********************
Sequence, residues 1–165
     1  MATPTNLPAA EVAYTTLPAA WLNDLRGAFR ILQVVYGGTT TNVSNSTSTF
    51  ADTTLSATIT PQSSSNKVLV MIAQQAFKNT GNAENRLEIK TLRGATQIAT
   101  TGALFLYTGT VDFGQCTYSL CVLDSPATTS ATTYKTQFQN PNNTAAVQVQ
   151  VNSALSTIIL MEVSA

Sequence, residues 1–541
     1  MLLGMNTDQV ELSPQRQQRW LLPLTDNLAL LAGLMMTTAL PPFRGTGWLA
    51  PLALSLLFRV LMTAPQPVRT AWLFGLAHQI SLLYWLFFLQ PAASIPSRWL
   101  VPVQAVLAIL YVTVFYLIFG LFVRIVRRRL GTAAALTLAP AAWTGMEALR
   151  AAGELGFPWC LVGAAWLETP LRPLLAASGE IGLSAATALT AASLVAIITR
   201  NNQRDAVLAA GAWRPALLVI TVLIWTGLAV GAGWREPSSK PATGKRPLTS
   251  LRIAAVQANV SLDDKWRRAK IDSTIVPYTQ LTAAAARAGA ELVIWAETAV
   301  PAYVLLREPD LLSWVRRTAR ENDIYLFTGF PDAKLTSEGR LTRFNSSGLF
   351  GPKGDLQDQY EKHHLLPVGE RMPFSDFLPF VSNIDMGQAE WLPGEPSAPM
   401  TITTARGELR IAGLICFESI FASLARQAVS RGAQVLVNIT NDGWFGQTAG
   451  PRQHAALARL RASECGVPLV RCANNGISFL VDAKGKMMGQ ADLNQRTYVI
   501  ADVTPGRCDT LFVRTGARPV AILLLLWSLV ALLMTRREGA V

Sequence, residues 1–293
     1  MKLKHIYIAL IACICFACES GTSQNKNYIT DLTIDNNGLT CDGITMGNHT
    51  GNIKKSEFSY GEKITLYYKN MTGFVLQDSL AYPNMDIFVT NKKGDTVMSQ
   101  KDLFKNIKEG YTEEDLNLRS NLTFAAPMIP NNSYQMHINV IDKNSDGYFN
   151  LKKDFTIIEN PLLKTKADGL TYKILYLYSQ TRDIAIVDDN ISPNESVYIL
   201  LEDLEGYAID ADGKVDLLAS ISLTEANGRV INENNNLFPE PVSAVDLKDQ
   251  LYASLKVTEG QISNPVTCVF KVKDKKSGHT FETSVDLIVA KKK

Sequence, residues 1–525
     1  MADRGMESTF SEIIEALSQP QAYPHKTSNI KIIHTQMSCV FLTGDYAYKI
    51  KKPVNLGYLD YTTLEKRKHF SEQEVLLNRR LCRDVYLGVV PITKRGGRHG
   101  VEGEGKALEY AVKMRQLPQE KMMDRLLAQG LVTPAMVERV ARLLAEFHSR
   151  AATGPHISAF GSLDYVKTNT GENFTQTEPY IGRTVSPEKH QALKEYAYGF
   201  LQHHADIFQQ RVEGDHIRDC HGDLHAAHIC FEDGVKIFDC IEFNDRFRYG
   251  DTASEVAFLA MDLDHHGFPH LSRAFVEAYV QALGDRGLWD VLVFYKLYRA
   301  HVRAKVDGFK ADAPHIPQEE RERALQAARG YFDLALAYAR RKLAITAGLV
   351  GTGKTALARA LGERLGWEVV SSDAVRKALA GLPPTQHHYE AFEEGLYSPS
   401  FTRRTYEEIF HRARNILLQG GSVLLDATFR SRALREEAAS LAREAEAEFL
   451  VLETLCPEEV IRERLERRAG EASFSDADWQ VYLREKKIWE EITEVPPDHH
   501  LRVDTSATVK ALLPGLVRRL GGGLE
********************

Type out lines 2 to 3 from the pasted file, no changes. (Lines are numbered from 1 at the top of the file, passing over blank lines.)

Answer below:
     1  MATPTNLPAA EVAYTTLPAA WLNDLRGAFR ILQVVYGGTT TNVSNSTSTF
    51  ADTTLSATIT PQSSSNKVLV MIAQQAFKNT GNAENRLEIK TLRGATQIAT